Aging and Chronic Disease
Marissa Burgermaster, MAEd, MS, PhD, MA
Assistant Professor, Departments of Nutritional Sciences and Population Health
The University of Texas at Austin College of Natural Sciences, Dell Medical School
Dietary sodium restriction guidelines are controversial due to a lack of studies assessing their effect on heart failure outcomes. An important aspect of this problem is the effectiveness of behavioral nutrition interventions to reduce patients’ sodium intake. We systematically reviewed randomized controlled trials (RCTs) of sodium restricted diets and descriptive studies relating mediators of behavior to successful adherence to sodium restricted diets in patients with heart failure.
We queried PubMed, CINAHL, and Cochrane databases with relevant search terms for studies published in English January 2000-December 2018. Included were RCTs of interventions for heart failure patients, with sodium restriction as a primary or secondary outcome, and quantitative and qualitative descriptive studies of adherence to sodium restricted diets. Included studies may or may not have reported clinical outcomes (health events, quality of life, etc.). Reviewers noted setting, methods, and outcomes as well as theoretical mediators of dietary behavior change in included studies. We then compared behavioral mediators addressed by the RCTs and behavioral mediators identified in the descriptive studies.
Of 638 studies identified, 445 were excluded by title. 2 reviewers assessed 60 abstracts and included 36 studies in this analysis: 10 RCTs and 26 descriptive studies. 6 of 10 intervention RCTs were successful, but no interventions achieved the recommended 1500 mg/day sodium intake (mean for all studies 3271 mg/day). Interventions that reduced sodium intake were behaviorally focused, were delivered by an RN and/or RD, and included individual feedback and counseling. RCTs intervened only through knowledge, skills, and social support. Behavioral mediators identified in descriptive studies included perceived risk, perceived benefits, outcome expectations, cultural norms, social norms, social support, taste preferences, determinism, self-efficacy, knowledge, skills, and habits. These were not included in the RCTs, which signifies a mismatch between evidence-based moderators of behavior and intervention designs.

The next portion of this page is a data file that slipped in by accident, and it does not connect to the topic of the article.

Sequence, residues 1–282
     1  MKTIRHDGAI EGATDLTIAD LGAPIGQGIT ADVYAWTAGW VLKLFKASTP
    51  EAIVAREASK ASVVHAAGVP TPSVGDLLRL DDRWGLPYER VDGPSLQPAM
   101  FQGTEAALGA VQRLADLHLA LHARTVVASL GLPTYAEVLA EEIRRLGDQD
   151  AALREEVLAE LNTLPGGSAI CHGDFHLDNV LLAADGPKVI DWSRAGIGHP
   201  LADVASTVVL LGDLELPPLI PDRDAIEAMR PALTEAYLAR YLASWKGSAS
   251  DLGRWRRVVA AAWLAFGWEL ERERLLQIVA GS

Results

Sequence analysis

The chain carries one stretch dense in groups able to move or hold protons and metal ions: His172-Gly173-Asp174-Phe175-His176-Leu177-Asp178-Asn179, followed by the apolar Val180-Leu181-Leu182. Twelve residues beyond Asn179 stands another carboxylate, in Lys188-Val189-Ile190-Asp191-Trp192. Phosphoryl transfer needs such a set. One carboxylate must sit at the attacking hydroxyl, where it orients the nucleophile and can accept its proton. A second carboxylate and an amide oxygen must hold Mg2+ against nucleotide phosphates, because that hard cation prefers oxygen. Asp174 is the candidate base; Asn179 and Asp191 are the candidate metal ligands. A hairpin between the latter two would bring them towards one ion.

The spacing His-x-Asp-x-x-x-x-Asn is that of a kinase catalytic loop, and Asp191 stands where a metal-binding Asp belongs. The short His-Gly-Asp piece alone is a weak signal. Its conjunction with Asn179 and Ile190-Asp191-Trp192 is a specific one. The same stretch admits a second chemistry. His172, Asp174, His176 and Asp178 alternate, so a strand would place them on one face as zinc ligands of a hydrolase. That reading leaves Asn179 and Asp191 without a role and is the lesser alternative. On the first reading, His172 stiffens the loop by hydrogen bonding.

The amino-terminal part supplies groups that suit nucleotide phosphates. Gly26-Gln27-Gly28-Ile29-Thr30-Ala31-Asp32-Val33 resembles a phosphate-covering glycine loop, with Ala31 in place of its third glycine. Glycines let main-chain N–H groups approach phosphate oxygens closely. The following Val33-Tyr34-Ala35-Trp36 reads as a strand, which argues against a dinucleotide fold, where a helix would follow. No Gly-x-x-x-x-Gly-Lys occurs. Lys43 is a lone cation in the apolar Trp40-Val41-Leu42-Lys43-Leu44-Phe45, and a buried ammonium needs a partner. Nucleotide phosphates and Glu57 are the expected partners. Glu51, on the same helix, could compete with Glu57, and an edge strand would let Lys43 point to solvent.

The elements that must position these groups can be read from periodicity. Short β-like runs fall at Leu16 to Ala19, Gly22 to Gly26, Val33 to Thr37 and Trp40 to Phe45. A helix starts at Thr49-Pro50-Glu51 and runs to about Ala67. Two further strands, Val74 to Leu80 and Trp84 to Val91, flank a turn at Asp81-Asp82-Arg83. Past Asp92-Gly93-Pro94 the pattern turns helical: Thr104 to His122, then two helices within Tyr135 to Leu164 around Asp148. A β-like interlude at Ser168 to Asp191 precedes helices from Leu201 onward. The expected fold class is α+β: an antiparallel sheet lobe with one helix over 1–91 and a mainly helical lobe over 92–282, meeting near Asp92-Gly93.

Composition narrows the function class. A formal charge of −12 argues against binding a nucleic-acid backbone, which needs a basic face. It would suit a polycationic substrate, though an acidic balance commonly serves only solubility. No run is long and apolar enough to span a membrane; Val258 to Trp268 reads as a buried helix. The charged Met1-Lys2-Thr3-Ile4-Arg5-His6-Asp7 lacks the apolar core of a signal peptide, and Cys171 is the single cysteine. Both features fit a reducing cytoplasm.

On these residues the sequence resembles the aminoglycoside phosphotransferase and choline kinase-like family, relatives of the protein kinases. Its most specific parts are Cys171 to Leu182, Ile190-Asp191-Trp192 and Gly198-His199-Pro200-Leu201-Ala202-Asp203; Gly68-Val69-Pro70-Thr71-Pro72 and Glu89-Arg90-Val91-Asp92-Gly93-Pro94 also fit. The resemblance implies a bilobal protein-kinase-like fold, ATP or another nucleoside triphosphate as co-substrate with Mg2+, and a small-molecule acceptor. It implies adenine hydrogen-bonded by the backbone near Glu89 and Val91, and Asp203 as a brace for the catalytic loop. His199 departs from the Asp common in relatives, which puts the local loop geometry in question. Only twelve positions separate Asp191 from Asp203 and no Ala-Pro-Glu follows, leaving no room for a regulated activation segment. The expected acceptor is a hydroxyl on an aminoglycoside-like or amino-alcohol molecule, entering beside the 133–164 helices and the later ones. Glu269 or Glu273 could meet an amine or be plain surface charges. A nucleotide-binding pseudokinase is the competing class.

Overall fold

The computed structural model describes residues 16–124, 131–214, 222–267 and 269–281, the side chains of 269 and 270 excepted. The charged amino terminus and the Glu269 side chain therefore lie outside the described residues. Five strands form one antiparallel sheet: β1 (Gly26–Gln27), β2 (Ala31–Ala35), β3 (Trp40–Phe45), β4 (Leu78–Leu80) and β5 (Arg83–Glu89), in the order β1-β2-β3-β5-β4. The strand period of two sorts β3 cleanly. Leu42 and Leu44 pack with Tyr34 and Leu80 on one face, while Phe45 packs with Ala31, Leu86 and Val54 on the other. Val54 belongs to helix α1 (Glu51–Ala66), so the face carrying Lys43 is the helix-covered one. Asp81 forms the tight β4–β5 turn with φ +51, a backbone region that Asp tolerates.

RCTs have been unable to achieve the recommended goal of 1500 mg/day of sodium. More effective interventions should consider evidence-based mediators, rather than focusing on knowledge and skills.
Funding Sources : Dr. Burgermaster received funding from NHLBI T32 training grant